Sun’s out, (furry) buns out. We NEVER thought this day would come, but it is now pool season. It snuck up so fast, and I know you are probably thinking the same troubling thought that I had when I realized it was almost June (frick, where the heck is my tankini?), but I promise you will have time to look for it AFTER you read this really important article.
We know how difficult opening your pool can be (or maybe my dad was just really bad at pool maintenance), and sometimes in your rush to get it done, certain things are forgotten. We totally get it—stuff happens. That’s why we made this list of gentle reminders, so you forget the fruit-shaped pool float and not your dog’s life vest. To be very clear, we are 100% team fruit-shaped pool float and you should definitely buy one of each fruit that is available.
With that being said, here are some tips on how to get your little oasis ready for your sweet baby angel (your dog). Please note that all of these tips are only helpful if your dog is a confirmed swimmer. If your dog DOESN’T know how to swim, you should check out this article!
STEP 1. Make sure your dog can safely enter and exit the pool.
You all know how difficult it is to heave your body out of the water using one of those tiny three-rung ladders (heaven knows I do). Now imagine that you’re a dog trying to use one of those ladders. I know, it’s a disturbing thought. That is why we recommend installing a ramp or stairs into your pool as they are MUCH easier for your dog to use.
Here is a link to some stairs for above ground pools.
Here is a link to some stairs for inground pools.
STEP 2: Make sure your dog has a life vest.
Life vests are not just for our brachycephalic friends (pugs, French bulldogs, Boston terriers), or our lengthy pals with short legs (corgis, dachshunds). Even if your dog is a strong swimmer, it’s a good idea to have a life vest for them just in case. Not to scare you, but dogs can overexert themselves in water which can result in a seizure. In those instances, having a life vest to keep them afloat can be the difference between life and death. For this reason, it is recommended that you keep your pup’s swim sessions to between 10–30 minutes, depending on their stamina level.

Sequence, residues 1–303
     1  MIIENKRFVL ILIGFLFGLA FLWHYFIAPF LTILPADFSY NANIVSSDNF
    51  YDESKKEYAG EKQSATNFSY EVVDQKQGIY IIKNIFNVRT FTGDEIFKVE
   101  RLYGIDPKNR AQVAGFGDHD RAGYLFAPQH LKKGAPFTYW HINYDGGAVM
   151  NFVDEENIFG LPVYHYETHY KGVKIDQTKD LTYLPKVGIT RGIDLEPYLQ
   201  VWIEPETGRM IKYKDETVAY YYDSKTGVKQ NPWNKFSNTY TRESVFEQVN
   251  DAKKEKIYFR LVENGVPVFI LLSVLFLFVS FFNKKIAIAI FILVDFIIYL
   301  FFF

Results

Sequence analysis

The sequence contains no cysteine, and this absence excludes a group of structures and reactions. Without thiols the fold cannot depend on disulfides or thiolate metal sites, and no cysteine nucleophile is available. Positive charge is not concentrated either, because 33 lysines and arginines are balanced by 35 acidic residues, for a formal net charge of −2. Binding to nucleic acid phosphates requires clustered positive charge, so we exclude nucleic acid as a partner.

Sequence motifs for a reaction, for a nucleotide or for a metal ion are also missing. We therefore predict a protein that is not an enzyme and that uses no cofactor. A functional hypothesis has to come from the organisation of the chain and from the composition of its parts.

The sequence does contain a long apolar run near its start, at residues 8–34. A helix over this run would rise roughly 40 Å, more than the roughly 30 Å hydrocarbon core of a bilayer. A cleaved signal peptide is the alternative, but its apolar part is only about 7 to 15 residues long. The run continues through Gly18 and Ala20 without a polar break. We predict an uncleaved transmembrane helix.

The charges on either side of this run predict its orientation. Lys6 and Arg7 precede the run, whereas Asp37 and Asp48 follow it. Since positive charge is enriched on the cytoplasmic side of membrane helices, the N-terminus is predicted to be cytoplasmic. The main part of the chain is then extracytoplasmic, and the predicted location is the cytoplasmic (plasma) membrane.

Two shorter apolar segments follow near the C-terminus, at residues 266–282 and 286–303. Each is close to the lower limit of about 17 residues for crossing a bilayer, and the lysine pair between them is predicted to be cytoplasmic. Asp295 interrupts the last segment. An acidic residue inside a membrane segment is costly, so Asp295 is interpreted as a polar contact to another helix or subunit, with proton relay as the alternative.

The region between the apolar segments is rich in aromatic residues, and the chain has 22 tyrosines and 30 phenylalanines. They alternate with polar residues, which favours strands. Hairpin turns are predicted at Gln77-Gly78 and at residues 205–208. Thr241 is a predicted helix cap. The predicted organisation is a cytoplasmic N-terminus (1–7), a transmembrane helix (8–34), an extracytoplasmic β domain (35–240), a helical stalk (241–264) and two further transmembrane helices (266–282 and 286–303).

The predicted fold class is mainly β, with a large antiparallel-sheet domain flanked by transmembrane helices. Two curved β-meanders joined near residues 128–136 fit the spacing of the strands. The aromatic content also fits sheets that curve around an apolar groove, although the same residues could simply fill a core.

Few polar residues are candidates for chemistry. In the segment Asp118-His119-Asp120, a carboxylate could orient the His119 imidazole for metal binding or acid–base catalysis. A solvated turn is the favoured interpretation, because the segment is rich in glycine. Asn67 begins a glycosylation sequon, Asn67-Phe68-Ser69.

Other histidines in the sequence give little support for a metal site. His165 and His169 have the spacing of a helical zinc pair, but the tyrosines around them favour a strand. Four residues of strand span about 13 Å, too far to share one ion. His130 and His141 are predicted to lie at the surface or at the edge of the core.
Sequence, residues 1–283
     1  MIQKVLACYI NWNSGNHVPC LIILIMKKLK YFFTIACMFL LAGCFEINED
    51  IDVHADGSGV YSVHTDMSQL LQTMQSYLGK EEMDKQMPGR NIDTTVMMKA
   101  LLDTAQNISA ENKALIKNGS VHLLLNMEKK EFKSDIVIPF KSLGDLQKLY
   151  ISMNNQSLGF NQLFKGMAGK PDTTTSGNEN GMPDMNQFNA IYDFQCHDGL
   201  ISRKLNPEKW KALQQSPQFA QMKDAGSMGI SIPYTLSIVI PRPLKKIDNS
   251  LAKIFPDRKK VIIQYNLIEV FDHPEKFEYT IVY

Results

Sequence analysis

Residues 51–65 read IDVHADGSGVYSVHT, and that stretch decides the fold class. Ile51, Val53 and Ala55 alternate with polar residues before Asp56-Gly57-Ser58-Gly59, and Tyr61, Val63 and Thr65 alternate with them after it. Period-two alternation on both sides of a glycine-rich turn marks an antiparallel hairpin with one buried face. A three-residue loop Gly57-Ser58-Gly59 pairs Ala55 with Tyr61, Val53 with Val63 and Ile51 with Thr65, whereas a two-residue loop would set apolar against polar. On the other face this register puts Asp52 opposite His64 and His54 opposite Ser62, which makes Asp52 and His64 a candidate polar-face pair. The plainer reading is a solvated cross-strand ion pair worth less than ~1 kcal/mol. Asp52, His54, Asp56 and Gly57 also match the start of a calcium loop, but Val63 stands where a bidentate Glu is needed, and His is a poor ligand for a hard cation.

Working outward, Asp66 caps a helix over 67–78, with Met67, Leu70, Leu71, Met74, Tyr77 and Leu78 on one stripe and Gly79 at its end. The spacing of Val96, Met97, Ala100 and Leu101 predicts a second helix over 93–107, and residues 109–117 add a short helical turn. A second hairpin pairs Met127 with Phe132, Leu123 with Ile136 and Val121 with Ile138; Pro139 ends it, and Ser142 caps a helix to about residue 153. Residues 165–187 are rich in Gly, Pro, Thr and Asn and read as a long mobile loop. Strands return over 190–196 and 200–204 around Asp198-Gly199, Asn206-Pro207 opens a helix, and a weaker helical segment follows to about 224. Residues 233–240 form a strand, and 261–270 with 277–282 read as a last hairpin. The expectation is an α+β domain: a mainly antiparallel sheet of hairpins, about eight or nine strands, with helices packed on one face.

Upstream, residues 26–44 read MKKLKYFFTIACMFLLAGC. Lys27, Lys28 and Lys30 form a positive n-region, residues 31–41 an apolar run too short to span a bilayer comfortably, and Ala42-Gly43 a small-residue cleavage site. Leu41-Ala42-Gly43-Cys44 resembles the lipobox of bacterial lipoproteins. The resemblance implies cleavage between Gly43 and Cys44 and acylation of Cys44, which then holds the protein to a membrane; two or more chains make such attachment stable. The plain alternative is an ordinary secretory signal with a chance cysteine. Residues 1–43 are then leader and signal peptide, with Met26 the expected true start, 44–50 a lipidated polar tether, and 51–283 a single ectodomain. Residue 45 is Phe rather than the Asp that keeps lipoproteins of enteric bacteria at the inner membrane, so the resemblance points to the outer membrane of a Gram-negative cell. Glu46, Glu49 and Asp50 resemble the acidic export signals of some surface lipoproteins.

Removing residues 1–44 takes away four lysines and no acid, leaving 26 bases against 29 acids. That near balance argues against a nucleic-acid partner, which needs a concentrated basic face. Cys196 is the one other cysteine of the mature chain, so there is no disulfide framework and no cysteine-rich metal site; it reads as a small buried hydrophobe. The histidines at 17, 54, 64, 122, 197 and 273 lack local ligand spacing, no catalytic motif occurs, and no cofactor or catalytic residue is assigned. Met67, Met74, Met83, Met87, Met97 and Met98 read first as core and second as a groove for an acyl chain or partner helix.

Here is a link to an affordable and highly-rated life vest.
3. Learn pet CPR.
It is always good to have a general understanding of basic CPR techniques, just in case you ever find yourself faced with an emergency. To learn about the basics, check out this video. I will warn you, this video has NO mention of the Bee Gees; you’ll have to time your compressions yourself.
4. Make sure your pool has a suitable cover.
Many pool covers simply float on the surface of the water, which is incredibly dangerous. To a dog, the covers appear to be solid, which results in them attempting to walk on it. Once they step out on the cover, they will quickly become tangled and trapped. Instead, we recommend pool covers that are anchored to the ground. Pool covers like this can be pricey, so in lieu of a link to an anchored pool cover, please enjoy this image that I made.
5. Always supervise pool time.
The most important pool safety measure is making sure that you are always there to watch your dog. Much like you would never leave a young child unsupervised at the pool, you should do the same with your pup.